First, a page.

Disablity History Month 2014: Disability in Music History

For a discipline dominated by a figure with progressive hearing loss, almost totally deaf by the end of his life, the study of music history is impressively lacking when it comes to thinking about how this and other disabilities affect peoples’ lives and musical experience.*

Beethoven's progressive deafness is widely known.

Beethoven’s progressive deafness is widely known.

“But we do talk about Beethoven’s deafness!” you say.

For sure. But this response is problematic in a number of ways. Firstly, it tokenises Beethoven, ignoring the experiences of other disabled composers, performers, listeners, etc. Secondly, it forgets to think about HOW we talk about Beethoven’s deafness, or other peoples’ (dis)abilities.

Now, I’m not a Beethoven specialist, so there may well be people in that field who work against the more widespread idea of Beethoven that I’m about to describe, garnered from the Music History survey courses of my Undergraduate days, and some extra-curricular reading. With people studying his conversation notebooks and such like, I can see that this task could certainly be undertaken. Nevertheless, the details of the composer’s life which are regarded as things which should be known more widely are worth analysis.

The fact is, thinking about Beethoven with the tools and knowledge I’ve been given – and, to reiterate, this is not a specialist’s knowledge – I feel like these tools and this knowledge point to an understanding of Beethoven as being great despite his disability, or by overcoming his disability. Why – progressive hearing impairment and deafness being things which shaped Beethoven’s socialisation and hence his “self” – why not understand them as part of what makes him great?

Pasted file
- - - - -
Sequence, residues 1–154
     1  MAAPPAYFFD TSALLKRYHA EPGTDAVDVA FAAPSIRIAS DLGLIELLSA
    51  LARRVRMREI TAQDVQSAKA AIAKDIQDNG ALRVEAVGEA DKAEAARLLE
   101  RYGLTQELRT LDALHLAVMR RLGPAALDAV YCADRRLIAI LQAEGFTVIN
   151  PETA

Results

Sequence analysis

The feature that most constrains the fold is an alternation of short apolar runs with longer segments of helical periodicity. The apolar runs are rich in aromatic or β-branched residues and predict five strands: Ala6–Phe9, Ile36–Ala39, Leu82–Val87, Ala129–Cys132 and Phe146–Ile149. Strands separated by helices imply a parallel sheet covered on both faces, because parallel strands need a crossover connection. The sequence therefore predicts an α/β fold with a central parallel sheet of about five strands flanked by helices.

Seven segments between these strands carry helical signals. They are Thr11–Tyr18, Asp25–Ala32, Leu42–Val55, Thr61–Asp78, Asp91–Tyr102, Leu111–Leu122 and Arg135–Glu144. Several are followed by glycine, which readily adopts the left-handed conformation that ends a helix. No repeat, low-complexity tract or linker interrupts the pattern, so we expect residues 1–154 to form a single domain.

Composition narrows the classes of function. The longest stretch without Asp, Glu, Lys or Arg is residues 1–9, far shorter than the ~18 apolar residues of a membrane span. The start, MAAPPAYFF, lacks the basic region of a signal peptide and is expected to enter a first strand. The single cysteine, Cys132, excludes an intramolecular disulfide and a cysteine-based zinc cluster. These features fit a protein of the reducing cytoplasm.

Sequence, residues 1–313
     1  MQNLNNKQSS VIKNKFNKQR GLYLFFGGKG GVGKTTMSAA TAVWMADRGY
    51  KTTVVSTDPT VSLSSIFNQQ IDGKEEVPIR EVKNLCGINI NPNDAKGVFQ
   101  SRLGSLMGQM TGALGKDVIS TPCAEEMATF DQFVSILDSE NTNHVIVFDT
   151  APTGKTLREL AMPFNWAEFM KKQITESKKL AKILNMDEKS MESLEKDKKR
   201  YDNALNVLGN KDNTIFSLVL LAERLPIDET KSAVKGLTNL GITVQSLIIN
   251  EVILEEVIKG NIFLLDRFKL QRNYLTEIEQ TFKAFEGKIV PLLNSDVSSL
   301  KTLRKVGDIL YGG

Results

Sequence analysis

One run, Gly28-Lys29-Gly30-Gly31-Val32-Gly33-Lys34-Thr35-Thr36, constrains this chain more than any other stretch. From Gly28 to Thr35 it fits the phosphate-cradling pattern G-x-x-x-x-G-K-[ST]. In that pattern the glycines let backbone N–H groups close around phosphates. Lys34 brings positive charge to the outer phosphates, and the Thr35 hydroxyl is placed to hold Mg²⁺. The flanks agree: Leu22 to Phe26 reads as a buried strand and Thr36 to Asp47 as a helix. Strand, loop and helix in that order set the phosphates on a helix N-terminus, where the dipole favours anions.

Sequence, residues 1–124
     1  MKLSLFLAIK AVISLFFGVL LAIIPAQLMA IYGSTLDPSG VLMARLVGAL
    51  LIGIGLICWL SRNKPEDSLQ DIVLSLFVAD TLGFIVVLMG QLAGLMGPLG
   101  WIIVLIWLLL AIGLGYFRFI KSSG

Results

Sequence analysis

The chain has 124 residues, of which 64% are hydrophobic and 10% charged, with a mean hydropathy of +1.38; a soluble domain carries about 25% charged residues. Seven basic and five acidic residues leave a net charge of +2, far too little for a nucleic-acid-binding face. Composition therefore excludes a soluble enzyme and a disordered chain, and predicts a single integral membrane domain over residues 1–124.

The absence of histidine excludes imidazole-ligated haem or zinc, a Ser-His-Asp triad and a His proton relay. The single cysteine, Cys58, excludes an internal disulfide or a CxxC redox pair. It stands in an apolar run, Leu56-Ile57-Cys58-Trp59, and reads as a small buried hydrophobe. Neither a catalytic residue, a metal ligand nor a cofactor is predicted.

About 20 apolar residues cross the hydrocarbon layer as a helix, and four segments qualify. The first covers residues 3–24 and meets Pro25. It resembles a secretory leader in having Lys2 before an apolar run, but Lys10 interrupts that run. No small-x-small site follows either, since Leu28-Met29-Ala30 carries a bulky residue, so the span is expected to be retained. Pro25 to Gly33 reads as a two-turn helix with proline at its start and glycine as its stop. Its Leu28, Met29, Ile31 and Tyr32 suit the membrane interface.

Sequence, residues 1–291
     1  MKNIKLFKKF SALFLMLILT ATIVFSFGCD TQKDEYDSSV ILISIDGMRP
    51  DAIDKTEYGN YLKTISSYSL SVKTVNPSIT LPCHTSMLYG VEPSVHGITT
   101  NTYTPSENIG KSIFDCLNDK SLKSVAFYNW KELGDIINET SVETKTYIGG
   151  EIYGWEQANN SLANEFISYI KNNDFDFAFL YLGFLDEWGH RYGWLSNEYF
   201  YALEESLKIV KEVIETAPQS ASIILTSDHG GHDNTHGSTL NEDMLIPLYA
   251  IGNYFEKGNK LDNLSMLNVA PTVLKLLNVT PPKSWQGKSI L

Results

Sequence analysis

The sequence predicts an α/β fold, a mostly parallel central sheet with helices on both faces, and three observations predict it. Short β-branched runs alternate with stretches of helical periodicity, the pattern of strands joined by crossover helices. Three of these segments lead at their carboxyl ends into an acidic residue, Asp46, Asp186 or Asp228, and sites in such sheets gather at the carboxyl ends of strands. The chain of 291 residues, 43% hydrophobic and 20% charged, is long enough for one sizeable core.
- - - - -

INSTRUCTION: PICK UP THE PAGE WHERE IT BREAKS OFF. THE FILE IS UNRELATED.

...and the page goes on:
The whole idea of “greatness” is, of course, also a problem, but one for another time. But we can also consider disability when deconstructing the idea of greatness. In the case of Beethoven, is his progressive hearing loss one of the factors that makes us consider Beethoven great? Would we hold his late works in the same high regard if he hadn’t been deaf when he composed them?

I’ve suggested earlier that, tokenising Beethoven, we ignore the experiences of others. Let’s have a closer look at some more local examples of the ways we silence disabled voices in music history. I’m going to concentrate on the treatment of disability in Laurel Fay’s well-renowned biography of Shostakovich, Shostakovich: a Life (Oxford: Oxford University Press, 2000).

Firstly, did you even know that Shostakovich was disabled? It’s simply not something academics have bothered to spend time on. More ink seems to be spilled on where he went on holiday for a few weeks than his numerous months-long stints in hospitals.

In his younger years, Shostakovich was a pianist, playing on concert stages, as well as making a living playing in cinemas. He had to give up the concert stage in the late nineteen fifties, however, when he began to experience weakness in his right hand. This was the beginning of a chronic and progressive condition, an adult form of poliomyelitis, in which his hand aand other limbs became increasingly weak and poorly controlled.

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Shostakovich had to give up work as a concert pianist due to polio.